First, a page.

Puerto Rico lies approximately 1,000 miles southeast of Miami and 1,500 miles from Washington, DC. Despite being far outside the continental United States, the island has played a significant role in American politics and policy since the United States acquired Puerto Rico from Spain in 1898.
Puerto Rico’s political status—referring to the relationship between the federal government and a territorial one—is an undercurrent in virtually every policy matter on the island. In a June 11, 2017, plebiscite (popular vote), 97.2% of voters chose statehood when presented with three options on the ballot. Turnout for the plebiscite was 23.0% of eligible voters. Some parties and other groups opposing the plebiscite had urged their bases to boycott the vote. (These data are based on 99.5% of precincts reporting results.) After initially including only statehood and free association/independence options, an amended territorial law ultimately permitted three options on the plebiscite ballot: statehood, free association/independence, or current territorial status. ….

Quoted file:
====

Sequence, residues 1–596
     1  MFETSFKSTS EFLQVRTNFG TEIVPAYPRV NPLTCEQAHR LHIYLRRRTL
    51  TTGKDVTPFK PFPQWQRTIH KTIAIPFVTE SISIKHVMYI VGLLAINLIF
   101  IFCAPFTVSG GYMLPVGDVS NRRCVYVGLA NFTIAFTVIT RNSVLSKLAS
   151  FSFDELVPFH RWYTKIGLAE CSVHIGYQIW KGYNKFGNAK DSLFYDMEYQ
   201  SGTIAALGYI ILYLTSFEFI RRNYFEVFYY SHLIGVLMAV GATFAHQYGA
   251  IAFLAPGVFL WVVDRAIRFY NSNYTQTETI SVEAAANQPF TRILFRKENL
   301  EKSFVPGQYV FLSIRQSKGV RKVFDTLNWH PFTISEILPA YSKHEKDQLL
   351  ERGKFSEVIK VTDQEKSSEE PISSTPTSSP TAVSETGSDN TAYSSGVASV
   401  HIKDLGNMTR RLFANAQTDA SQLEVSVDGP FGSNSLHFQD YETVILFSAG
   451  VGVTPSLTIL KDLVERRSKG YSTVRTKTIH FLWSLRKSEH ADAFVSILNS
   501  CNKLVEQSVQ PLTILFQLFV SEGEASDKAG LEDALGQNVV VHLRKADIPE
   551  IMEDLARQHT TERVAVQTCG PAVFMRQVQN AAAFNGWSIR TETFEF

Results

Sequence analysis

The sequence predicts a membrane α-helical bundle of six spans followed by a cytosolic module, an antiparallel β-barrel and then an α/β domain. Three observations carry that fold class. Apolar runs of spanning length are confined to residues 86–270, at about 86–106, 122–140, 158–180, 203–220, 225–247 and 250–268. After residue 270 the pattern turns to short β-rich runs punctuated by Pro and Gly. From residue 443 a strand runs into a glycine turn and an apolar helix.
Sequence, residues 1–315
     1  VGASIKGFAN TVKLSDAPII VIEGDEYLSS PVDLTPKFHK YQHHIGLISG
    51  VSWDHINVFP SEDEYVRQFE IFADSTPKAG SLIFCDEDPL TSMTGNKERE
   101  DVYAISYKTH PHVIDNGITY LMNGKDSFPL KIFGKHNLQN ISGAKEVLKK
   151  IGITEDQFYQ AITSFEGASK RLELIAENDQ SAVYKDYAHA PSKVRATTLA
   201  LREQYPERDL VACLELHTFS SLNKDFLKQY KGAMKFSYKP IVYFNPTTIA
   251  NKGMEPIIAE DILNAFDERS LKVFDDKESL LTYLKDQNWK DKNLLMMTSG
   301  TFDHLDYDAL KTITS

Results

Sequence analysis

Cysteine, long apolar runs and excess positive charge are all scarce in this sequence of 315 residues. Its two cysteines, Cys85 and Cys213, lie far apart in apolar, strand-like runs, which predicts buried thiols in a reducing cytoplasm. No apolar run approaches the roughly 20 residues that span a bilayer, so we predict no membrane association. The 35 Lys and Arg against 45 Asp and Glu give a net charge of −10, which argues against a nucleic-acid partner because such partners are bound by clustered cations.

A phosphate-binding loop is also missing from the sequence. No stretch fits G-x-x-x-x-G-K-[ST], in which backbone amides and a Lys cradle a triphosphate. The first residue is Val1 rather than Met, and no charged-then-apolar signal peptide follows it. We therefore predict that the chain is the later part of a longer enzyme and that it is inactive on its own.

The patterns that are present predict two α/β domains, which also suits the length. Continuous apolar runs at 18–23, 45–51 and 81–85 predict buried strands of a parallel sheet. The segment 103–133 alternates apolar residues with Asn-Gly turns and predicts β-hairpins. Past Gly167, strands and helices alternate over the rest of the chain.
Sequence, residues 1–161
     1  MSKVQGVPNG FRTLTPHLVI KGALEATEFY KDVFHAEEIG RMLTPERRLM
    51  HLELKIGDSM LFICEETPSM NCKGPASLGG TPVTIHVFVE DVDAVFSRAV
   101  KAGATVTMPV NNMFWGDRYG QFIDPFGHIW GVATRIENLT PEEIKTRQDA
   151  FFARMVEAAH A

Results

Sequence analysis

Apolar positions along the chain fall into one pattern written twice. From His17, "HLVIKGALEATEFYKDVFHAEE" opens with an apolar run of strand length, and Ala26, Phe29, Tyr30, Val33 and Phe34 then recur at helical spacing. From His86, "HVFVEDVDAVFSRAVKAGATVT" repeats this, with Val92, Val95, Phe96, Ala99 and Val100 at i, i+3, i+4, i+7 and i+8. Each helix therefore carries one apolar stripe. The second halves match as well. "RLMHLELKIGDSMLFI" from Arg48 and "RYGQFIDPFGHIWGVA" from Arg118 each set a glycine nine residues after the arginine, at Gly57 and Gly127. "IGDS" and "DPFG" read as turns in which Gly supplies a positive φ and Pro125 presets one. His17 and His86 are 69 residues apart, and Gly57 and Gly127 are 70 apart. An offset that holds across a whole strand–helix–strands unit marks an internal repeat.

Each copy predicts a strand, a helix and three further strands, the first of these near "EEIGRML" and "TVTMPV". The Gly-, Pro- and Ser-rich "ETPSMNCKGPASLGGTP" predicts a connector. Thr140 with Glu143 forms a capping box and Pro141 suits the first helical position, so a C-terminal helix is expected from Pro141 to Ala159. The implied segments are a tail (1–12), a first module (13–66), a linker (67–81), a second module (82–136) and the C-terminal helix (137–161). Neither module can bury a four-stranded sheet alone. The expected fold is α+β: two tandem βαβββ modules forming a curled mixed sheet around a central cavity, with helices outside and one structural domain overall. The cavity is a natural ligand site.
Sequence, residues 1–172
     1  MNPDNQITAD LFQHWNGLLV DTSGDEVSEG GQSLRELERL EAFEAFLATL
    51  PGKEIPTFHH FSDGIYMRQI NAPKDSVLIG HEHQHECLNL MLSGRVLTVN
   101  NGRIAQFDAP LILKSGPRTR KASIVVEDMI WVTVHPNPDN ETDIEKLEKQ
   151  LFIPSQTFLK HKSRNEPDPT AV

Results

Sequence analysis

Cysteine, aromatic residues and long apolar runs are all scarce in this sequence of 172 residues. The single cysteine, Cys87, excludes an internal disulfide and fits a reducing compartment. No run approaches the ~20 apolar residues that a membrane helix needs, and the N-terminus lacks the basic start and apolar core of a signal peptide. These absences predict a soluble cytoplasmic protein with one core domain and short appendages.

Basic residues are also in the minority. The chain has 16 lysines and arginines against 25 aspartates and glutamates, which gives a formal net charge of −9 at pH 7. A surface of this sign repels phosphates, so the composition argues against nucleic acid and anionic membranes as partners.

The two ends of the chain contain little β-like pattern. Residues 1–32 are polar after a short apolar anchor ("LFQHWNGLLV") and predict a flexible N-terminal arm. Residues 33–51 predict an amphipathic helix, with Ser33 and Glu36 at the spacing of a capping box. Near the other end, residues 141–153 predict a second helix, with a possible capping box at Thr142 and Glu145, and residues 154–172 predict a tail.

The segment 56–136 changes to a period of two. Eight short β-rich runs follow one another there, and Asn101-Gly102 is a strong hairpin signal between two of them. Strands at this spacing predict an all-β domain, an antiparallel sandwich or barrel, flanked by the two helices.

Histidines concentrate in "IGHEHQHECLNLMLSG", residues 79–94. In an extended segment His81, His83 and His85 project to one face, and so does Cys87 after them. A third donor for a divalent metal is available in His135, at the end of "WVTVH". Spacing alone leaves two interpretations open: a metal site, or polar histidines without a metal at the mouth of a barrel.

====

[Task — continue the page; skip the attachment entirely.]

…. Congress has not enacted any recent legislation devoted specifically to status. Two bills have been introduced during the 115th Congress. H.R. 260 proposes to admit Puerto Rico as a state if residents choose statehood in a plebiscite. H.R. 900 proposes a popular vote between independence and free association (which entails an ongoing relationship between independent countries). In the 114th Congress, H.R. 727, which did not advance beyond introduction, would have authorized a plebiscite on statehood. ….
…. This report provides policy and historical background about Puerto Rico’s political status—referring to the relationship between the federal government and a territorial one. Congress has not altered the island’s status since 1952, when it approved a territorial constitution. Status is the lifeblood of Puerto Rican politics, spanning policy and partisan lines in ways that are unfamiliar on the mainland. ….